When it comes to Shin Chan, the entire world at large can be grouped into two camps: those who get it and those who don't. On the surface it's a poorly animated, seemingly disconnected series of juvenile crudeness. Dig a little deeper and you realize that while all of that is true, the show's persona is the culmination of using very little to achieve quite a bit. Love it or hate it, Shin Chan has used its abundance of personality to establish quite a niche in the American psyche. This review centers on the forthcoming Funimation release labeled "Season 2, Part 2" although further research reveals that the title is a bit disingenuous, but more on that later. For now let's take a look at the presentation of the collection.
Released in an attractive twin disc collection, Funimation chose a very appropriate look for the cover art in combining overly simplistic character models with a gold-plated logo (complete with hydraulic-hopping 1964 Impalas, a pair of gold tigers, and of course, a crown). Inside the discs are housed in a cardboard tri-fold case decked out with the requisite pimp-meets simplicity motif. Disc 1 contains episodes 40 thru 46 and the second disc holds 47-52. Extras are pretty impressive with a commentary track over episode 51, a look at the minds behind the magic in a piece called "From the Bowels of Booth", original storyboards, a music video for "Long Grey Winter" and Funimation's most recent trailers.
I began by saying the label, Season 2 Part 2 isn't entirely accurate and here's why. Even back in the beginning of the dvd releases of the show, Funimation made the decision to base the episode count in terms of the Adult Swim airing and not the original production order. Hence seasons are relative here. However, considering that the show consists of a bunch of little 3-10 minute skits, it really doesn't make much of a difference in the end.
So how about the actual show content? Well viewers seeking depth, realism, or even coherence should probably skip over Shin Chan altogether. However, those who feel fondly about South Park, Family Guy, or even Beavis and Butthead (google that one kids), there may be some qualities here to warrant picking up this collection.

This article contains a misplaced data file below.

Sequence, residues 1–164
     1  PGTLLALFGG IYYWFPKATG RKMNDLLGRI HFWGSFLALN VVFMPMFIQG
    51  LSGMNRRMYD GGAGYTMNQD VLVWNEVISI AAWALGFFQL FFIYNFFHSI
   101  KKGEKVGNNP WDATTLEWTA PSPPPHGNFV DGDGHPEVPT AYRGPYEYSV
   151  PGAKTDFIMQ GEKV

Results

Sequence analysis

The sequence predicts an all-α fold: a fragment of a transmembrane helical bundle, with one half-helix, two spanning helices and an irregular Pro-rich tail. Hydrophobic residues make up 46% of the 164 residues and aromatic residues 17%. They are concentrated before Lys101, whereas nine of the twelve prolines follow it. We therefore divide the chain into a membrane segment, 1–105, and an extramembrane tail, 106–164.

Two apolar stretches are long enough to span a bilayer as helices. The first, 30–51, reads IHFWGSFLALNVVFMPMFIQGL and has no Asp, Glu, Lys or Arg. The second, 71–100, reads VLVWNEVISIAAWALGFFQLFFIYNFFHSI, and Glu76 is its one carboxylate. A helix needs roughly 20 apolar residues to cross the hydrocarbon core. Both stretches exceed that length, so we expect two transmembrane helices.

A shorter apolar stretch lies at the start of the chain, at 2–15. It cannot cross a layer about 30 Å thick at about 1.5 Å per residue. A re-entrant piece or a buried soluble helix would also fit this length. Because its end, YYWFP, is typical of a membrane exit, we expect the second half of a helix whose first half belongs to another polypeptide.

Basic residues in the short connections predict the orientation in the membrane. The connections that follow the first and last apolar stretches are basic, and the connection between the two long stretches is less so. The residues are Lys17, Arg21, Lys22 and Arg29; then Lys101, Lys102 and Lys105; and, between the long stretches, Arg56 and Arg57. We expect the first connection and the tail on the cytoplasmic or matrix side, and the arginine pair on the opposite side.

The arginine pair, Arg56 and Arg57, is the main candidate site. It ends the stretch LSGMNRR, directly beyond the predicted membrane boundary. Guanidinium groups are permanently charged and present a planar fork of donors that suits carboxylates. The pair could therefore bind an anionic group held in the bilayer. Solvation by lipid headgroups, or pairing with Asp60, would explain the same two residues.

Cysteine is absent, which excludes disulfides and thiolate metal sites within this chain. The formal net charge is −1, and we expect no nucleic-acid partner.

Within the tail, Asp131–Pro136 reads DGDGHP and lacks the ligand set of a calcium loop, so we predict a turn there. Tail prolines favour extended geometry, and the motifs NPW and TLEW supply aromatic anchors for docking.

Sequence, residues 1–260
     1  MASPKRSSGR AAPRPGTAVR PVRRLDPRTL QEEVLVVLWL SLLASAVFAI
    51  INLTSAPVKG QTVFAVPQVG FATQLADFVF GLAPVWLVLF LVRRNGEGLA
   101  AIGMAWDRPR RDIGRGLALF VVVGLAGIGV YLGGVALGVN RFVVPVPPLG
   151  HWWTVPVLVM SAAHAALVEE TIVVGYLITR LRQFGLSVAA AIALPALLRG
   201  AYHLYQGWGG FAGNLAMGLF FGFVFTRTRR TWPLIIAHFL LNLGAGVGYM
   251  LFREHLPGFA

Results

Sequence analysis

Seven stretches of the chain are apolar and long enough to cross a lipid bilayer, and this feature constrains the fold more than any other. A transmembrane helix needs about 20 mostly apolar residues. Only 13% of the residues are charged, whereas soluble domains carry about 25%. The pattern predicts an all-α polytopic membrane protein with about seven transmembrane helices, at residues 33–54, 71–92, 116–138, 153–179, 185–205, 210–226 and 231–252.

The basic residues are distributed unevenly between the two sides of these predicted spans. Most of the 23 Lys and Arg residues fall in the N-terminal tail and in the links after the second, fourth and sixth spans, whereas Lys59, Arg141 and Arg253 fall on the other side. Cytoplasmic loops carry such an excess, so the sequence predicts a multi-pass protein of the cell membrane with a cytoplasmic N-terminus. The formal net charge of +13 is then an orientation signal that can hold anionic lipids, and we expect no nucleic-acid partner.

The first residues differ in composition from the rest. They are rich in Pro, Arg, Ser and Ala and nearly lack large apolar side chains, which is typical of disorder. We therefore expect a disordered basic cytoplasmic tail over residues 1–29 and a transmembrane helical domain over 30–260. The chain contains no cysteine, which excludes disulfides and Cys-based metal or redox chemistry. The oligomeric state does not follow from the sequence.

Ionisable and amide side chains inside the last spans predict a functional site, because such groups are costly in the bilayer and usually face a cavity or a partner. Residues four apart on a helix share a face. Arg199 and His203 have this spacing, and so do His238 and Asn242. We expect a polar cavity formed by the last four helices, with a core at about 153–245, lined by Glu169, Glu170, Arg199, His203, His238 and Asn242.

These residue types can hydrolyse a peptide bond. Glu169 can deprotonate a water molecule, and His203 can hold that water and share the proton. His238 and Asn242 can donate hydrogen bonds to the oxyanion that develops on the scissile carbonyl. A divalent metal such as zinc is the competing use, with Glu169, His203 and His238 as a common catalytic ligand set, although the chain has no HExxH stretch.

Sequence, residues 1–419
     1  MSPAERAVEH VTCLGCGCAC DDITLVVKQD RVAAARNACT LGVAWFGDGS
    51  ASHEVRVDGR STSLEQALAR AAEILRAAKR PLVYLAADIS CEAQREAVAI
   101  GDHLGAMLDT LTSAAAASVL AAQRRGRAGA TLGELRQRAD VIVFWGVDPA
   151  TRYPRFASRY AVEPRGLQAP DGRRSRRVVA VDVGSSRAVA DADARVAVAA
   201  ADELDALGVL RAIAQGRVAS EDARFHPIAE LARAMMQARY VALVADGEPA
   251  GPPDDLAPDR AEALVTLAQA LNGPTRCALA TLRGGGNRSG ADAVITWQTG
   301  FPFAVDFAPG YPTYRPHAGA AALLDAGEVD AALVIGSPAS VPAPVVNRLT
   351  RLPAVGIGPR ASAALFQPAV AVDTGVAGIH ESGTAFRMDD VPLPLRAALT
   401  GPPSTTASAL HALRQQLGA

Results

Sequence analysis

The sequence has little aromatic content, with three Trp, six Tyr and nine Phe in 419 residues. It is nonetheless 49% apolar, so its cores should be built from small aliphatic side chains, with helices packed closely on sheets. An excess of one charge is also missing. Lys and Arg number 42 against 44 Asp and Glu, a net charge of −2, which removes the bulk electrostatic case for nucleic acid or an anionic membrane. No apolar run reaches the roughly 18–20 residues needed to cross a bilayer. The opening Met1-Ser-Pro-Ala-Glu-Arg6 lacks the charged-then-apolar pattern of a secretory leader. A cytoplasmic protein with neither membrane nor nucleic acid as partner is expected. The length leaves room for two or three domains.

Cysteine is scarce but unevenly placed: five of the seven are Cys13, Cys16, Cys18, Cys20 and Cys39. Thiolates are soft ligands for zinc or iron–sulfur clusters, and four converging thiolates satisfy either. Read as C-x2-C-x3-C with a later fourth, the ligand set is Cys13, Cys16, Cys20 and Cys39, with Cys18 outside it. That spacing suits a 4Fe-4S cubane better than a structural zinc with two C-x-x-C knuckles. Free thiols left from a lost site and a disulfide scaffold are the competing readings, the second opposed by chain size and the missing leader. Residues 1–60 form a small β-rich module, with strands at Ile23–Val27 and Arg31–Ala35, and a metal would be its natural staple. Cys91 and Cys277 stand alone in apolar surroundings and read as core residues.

The story never takes itself too seriously, in fact even the episode narrator often confesses to having made parts of his introduction up since he himself didn't make it all the way through the prior episode.
What we do have is a kid named Shin and his neighborhood cohorts who do a whole lot of nothing in their small town. Of course nothing is a bit of an exaggeration since Shin spends a good deal of the early episodes training for his career as a boxer despite the fact that he comes up to the knees of many of his opponents.
Humor comes in several forms from typical slapstick to some dialog that can, at times, prove to be pretty darn funny. Because of the show's Japanese origins, the creative staff was able to get away with a lot of language that even the most risqué of American animated efforts could dare dream. Although it should be noted that the Japanese source material is not nearly as off-color as what we Americans managed to turn it into. As such there is only a Stereo English track (dub) for the audio here.
Breaking up the Shin Chan bits are some really strange little skits like the superhero Action Bastard who does battle with a case of crabs that have infested his bed sheets (yeah, those kind of crabs).
In all there's a slight dulling in the shock value as many episodes of this particular era is lumped into "The High School Years", which isn't near as controversial as say, a kindergartner cracking a succession of gay jokes or racial slurs.
If you happen to be in the camp that prefers their anime raunchy, raw, and a bit wacky, Shin Chan will deliver in spades. If you're a fan of political correctness, rich art, or even a bit of depth, stay as far away as possible and erase all knowledge of this show's existence from your cerebrum immediately.
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